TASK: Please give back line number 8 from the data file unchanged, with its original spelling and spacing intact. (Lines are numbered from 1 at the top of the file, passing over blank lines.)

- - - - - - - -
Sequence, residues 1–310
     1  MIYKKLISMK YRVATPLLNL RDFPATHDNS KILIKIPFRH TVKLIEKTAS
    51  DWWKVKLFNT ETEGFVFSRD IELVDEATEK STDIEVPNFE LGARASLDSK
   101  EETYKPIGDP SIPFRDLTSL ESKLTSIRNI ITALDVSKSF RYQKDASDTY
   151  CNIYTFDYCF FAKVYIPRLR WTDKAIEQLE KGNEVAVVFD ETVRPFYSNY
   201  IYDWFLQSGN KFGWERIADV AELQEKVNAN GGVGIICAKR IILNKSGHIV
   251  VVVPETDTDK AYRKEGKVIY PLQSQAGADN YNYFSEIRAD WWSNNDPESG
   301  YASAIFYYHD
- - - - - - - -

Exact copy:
   301  YASAIFYYHD